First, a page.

“It was difficult at first; here I was with a college background and I had to put myself down to serving hot dogs,” Manouch remembers. “But I was following my instincts, you see, and I was too independent to work for someone. I had plans for the future to own a business where people would work for me, and I would do nothing but read books for knowledge.

“I could have fixed TVs, but I like to deal with human beings,” Manouch explains. “The corner of 21st and Penn is a nice place to watch and be a part of the world.”

His first regular customers were GW law students who urged him to work late hours to serve the bar-crawling crowd. The large, striped umbrella and the wafting melodies of baroque concerto music gave the “umbrella room,” as Manouch’s weenie-stand came to be called, its name.

The second Manouch-mobile debuted in 1988. The latest model features his own design innovations, including a built-in radiator and more leg room.

When business is light, Manouch hunkers down in his cart and plows through complicated tomes, warming his hands over the fire from his propane stove-top burner. Manouch says he plans to spend November learning Manskrit, an Indo-European dialect.

During the day, he lounges around at a Rosslyn eatery, reading assorted magazines and books.

Manouch used to move his operation to the corner of 22nd and G streets during GW basketball games. He hasn’t done that since the night a Smith Center employee asked if he had a permit.

“I felt uninvited, so I do not sell hot dogs after the games anymore,” says Manouch. “It is like when you go to a meeting of 200 people and one bad person jumps up and speaks against you. It is painful, you see,” he sighs.

Manouch on D.C. cops

Manouch has been fined as much as of $800 a year for selling hot dogs after midnight and violating other city ordinances. He often tallies up $50 a week in fines, but that hasn’t stopped him, Manouch says.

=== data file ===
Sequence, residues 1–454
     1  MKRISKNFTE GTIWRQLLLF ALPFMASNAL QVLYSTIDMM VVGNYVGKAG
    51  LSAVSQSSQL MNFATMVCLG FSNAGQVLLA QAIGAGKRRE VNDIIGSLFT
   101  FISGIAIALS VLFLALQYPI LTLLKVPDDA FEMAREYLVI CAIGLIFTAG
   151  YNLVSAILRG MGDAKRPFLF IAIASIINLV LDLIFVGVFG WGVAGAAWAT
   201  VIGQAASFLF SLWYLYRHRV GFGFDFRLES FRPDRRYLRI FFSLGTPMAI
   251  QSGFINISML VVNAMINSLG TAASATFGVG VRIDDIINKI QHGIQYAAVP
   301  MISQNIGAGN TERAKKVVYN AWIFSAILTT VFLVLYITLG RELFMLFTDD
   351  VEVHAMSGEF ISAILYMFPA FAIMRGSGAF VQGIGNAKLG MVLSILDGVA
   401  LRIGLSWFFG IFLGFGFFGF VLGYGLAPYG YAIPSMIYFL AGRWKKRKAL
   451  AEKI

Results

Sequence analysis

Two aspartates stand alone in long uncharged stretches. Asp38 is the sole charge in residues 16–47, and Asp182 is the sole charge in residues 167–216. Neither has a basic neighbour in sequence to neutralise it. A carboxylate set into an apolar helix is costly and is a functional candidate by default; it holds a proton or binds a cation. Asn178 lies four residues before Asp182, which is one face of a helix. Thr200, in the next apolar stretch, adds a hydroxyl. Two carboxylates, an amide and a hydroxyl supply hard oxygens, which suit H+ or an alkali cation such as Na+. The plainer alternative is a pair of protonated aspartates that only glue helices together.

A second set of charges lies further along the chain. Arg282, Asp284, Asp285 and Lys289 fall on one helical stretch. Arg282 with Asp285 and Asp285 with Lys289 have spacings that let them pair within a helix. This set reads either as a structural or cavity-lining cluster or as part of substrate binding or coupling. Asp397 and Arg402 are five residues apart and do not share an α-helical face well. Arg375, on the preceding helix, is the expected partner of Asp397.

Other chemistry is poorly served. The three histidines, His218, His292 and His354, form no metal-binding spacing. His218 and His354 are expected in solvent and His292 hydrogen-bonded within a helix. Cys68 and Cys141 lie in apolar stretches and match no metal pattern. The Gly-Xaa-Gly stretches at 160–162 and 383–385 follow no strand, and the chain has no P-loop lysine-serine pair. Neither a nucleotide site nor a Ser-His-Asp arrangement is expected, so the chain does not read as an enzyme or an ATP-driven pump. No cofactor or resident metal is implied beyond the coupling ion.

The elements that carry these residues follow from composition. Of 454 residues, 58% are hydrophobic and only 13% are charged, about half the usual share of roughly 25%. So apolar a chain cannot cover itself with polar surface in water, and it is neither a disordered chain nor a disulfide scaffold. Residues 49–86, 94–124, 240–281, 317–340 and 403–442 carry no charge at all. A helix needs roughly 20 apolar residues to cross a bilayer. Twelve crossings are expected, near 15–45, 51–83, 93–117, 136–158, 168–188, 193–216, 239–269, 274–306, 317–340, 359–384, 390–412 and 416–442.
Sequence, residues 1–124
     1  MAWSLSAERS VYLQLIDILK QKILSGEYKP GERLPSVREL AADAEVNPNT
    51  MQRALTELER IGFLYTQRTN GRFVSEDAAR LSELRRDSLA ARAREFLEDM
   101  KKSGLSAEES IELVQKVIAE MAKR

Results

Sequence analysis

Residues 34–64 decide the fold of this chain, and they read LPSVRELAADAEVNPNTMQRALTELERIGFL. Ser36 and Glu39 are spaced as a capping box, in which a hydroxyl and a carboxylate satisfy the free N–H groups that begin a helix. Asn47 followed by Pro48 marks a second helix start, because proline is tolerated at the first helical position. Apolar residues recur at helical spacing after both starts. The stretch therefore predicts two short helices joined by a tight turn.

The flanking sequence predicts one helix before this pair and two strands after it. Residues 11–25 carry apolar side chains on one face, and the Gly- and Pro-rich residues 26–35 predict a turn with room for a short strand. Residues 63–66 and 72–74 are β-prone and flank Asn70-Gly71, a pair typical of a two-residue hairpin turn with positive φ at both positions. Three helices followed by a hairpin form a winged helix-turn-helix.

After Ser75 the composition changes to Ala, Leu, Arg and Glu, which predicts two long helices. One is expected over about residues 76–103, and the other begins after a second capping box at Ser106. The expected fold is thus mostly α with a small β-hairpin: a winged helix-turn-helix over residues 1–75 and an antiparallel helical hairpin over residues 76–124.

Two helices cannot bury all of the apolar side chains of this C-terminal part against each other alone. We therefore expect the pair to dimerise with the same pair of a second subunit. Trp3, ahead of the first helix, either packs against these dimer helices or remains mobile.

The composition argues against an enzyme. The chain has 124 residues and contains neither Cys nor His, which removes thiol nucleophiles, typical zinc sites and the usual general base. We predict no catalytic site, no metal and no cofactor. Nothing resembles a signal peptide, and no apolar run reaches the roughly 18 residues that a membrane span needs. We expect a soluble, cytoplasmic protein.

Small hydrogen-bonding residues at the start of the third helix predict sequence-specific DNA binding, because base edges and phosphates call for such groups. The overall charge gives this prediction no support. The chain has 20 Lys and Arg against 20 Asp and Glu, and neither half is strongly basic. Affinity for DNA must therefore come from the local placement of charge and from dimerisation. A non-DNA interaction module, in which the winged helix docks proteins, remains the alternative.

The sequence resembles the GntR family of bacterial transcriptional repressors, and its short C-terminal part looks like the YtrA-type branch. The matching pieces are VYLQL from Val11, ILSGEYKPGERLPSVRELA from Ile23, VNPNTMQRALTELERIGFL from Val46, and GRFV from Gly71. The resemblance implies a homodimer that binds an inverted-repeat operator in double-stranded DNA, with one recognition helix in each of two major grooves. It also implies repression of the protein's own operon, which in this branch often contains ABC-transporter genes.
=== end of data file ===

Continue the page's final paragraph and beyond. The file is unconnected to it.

“I am surprised to see there are birds singing around the building and they don’t get tickets,” he chuckles.

“One night, I was working and the police told me to move the coolers off of the sidewalk. When I did, the water spilled over the side and the cop fined me $50 for polluting the city. Then 30 minutes later, he came back and gave me another $50 ticket for having an oversized hot dog stand. Work, work, work, just to pay the city,” he sighs. “What I need is support to help me get my permit to work late hours.

“I sell hot dogs to demonstrate; I don’t demonstrate to sell hot dogs,” Manouch adds. He says he is in the process of filing an application with the D.C. Vendor Regulatory Board for extended hours.

What does the future hold for Manouch?

“I would like to have as much knowledge as possible,” he says. “And write stories about how I see the world. It’s about having fun. And what is fun? It is this majestic source of fusion energy. Not a magic lamp, but a limited source of light which will die in the future. We must take advantage of it today and be the best at what we do.

“I will tell you an old Eskimo saying: If you are not the lead dog, the scenery never changes.”